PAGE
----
As reported in The New England Journal of Medicine by Thierry André, MD, of Sorbonne Université and Hôpital Saint Antoine, Paris, and colleagues, the second interim analysis of the phase III KEYNOTE-177 trial has shown significantly prolonged progression-free survival with
Thierry André, MD
pembrolizumab vs fluorouracil (5-FU)-based chemotherapy as first-line treatment of patients with advanced microsatellite instability (MSI)-high or mismatcha repair–deficient colorectal cancer.1 The trial supported the June 2020 approval of pembrolizumab for the first-line treatment of patients with unresectable or metastatic MSI-high or mismatch repair–deficient colorectal cancer.
In the open-label trial, 307 patients with measurable disease from 192 sites in 23 countries were randomly assigned between February 2016 and February 2018 to receive pembrolizumab at 200 mg every 3 weeks (n = 153) or investigator’s choice of chemotherapy selected prior to randomization (n = 154). Chemotherapy options consisted of modified FOLFOX6 (5-FU, leucovorin, oxaliplatin) alone (n = 11) or combined with bevacizumab (n = 64) or cetuximab (n = 5) and FOLFIRI (5-FU, leucovorin, irinotecan) alone (n = 16) or combined with bevacizumab (n = 36) or cetuximab (n = 11). Chemotherapy regimens were repeated every 2 weeks.
Treatment was continued for a maximum of 35 doses of pembrolizumab or until disease progression, unacceptable toxicity, illness, or physician or patient decision to withdraw from the trial. A total of 153 patients in the pembrolizumab group and 143 in the chemotherapy group received at least one dose of trial treatment (as-treated population). The primary endpoints were disease progression on Response Evaluation Criteria in Solid Tumors v1.1 confirmed by blinded independent central review and overall survival in the intention-to-treat population. Patients receiving chemotherapy could cross over to pembrolizumab after disease progression.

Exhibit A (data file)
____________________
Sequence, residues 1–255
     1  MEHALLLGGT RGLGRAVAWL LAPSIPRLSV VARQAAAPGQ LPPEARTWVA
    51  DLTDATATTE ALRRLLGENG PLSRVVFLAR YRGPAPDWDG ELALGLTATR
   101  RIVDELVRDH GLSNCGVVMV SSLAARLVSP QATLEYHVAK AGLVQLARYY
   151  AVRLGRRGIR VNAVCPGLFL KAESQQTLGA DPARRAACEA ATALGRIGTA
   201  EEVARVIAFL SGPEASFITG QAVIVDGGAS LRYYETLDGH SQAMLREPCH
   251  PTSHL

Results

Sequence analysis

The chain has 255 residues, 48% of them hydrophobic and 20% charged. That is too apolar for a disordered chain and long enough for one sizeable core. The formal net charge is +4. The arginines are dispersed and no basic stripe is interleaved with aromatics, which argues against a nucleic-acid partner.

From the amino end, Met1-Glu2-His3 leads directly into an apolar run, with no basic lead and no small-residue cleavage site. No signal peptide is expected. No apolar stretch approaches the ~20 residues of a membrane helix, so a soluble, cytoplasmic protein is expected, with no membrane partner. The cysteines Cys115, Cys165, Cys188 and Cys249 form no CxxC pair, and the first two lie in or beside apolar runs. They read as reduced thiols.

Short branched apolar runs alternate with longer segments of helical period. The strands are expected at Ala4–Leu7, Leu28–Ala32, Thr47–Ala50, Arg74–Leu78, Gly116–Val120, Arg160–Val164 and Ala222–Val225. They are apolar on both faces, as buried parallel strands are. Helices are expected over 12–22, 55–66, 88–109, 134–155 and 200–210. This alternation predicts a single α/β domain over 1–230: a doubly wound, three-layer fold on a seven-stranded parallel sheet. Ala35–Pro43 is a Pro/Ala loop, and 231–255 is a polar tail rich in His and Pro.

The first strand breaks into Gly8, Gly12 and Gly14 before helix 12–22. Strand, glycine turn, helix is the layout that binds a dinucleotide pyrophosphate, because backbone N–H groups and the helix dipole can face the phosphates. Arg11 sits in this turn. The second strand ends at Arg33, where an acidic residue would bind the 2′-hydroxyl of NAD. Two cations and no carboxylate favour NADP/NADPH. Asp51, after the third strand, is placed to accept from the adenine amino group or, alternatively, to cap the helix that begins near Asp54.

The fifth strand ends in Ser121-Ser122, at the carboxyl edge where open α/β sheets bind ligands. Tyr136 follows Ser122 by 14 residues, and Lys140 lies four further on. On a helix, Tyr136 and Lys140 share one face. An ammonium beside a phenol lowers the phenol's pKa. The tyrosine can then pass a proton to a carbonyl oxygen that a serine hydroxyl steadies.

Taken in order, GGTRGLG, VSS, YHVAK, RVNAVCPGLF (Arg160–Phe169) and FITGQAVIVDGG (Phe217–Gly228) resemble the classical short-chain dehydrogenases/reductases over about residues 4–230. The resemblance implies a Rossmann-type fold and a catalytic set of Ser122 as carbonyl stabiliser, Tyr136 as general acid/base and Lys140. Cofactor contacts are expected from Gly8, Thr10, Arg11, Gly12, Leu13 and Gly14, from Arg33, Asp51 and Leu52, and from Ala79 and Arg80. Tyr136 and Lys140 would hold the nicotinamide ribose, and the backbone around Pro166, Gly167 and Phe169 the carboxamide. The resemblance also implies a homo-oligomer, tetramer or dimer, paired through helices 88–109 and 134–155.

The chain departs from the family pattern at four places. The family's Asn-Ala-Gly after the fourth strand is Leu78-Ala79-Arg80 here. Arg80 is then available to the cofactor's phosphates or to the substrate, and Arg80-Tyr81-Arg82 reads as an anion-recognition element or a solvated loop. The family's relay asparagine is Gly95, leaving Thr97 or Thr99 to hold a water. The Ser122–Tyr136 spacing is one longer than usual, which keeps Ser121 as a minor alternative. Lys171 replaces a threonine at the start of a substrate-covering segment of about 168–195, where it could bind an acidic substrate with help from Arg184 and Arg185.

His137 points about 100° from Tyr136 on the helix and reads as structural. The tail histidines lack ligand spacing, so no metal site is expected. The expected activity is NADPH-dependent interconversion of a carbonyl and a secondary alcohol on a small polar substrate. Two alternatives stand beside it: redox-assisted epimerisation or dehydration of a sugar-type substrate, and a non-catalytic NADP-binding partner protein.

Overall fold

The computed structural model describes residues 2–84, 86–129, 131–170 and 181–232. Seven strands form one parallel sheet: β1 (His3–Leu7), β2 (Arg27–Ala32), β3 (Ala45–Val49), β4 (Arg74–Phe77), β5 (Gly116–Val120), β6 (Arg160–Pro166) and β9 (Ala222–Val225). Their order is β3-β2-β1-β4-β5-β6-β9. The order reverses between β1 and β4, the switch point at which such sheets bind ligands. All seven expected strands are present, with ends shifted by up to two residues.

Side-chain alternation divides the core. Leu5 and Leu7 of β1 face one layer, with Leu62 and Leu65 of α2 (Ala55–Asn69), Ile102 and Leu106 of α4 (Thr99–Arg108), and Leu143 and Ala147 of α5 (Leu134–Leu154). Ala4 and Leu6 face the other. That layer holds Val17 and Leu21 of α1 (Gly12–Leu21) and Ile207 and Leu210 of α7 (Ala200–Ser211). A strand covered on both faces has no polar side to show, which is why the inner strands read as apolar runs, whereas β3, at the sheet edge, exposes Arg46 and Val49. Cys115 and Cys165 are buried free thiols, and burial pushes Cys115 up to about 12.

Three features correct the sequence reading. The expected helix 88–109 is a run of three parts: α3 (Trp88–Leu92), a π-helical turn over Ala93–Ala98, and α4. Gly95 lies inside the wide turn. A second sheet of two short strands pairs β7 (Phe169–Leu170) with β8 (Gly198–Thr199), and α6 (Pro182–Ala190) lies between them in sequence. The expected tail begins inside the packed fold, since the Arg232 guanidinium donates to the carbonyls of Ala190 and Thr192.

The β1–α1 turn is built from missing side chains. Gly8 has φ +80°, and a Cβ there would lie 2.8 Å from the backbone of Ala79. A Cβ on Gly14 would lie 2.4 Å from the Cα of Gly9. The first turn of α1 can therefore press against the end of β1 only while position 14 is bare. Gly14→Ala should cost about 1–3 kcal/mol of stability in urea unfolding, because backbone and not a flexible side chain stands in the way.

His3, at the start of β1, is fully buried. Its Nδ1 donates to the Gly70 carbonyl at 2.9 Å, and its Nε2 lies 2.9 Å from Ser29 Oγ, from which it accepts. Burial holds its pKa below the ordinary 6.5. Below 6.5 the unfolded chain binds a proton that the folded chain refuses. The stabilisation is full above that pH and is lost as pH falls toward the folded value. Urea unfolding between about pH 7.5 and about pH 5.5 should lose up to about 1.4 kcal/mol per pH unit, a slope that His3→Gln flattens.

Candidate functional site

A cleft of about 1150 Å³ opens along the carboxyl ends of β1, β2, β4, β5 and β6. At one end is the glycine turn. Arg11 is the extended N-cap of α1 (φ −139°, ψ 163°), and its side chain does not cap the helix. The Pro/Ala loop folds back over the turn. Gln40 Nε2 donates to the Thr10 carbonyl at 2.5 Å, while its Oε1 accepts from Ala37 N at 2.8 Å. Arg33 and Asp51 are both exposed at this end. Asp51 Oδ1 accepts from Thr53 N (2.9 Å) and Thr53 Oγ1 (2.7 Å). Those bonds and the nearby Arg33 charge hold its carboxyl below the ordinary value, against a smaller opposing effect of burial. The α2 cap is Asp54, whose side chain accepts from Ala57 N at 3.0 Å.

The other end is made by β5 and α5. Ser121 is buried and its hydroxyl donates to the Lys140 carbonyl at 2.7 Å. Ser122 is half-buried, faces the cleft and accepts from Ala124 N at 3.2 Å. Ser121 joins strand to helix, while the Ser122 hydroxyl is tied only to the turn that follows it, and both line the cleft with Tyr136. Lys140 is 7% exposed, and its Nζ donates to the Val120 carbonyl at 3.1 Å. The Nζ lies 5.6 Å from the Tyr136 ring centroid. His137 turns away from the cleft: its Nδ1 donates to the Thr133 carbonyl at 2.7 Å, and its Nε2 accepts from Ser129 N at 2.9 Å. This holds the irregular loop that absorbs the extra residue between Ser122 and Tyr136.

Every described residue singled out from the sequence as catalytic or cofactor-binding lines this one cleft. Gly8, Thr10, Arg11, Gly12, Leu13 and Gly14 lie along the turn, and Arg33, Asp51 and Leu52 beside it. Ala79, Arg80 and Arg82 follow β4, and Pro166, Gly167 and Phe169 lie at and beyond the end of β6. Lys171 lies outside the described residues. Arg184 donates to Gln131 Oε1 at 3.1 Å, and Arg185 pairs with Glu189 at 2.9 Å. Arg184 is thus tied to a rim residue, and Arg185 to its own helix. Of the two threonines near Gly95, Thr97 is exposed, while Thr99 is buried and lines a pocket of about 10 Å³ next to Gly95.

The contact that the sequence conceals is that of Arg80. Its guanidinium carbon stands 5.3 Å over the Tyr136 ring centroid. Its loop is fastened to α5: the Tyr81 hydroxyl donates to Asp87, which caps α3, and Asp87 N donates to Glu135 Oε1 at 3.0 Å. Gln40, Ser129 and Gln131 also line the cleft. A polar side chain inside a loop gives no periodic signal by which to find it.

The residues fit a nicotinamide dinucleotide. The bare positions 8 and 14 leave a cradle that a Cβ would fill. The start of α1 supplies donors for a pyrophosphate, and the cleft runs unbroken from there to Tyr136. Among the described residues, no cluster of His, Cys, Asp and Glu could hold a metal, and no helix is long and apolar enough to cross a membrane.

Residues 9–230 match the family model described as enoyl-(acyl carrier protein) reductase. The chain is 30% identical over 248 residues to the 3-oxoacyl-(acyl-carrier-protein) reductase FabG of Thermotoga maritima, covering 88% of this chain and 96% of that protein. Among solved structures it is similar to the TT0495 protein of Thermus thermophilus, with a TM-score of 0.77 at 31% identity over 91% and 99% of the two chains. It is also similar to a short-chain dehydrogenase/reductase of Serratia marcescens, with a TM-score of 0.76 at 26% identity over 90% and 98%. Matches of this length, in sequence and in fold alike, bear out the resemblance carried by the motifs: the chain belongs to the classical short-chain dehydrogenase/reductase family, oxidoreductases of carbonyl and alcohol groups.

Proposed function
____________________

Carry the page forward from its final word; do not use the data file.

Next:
Progression-Free and Overall Survival
At data cutoff in February 2020, median follow-up was 32.4 months (range = 24.0–48.3 months).
Median progression-free survival was 16.5 months (95% confidence interval [CI] = 5.4–32.4 months) in the pembrolizumab group vs 8.2 months (95% CI = 6.1–10.2 months) in the chemotherapy group (hazard ratio [HR] = 0.60, 95% CI = 0.45–0.80, P = .0002). Progression-free survival at 12 and 24 months was 55.3% vs 37.3% and 48.3% vs 18.6%. Estimated restricted mean survival time for progression-free survival after 24 months of follow-up (analyzed due to violation of proportional hazards assumption) was 13.7 months (range = 12.0–15.4 months) vs 10.8 months (range = 9.4–12.2 months).
Hazard ratios favored pembrolizumab in every subgroup evaluated except among the 74 patients with KRAS or NRAS mutation (HR = 1.19, 95% CI = 0.68–2.07; HR = 0.44, 95% CI = 0.29–0.67 among 151 with wild-type). Hazard ratios were 0.52 (95% CI = 0.37–0.75) among patients aged ≤ 70 years and 0.77 (95% CI = 0.46–1.27) among those aged > 70 years; 0.59 (95% CI = 0.38–0.90) among males and 0.58 (95% CI = 0.39–0.87) among females; 0.65 (95% CI = 0.30–1.41) in Asia and 0.62 (95% CI = 0.44–0.87) in North America/Western Europe; 0.53 (95% CI = 0.34–0.82) among those with recurrent metachronous disease and 0.70 (95% CI = 0.47–1.04) among those with newly diagnosed metastatic disease; 0.54 (95% CI = 0.38–0.77) for right-sided and 0.81 (95% CI = 0.46–1.43) for left-sided primary tumors; and 0.50 (95% CI = 0.31–0.80) for BRAF wild-type and 0.48 (95% CI = 0.27–0.86) for BRAF V600E–mutant disease.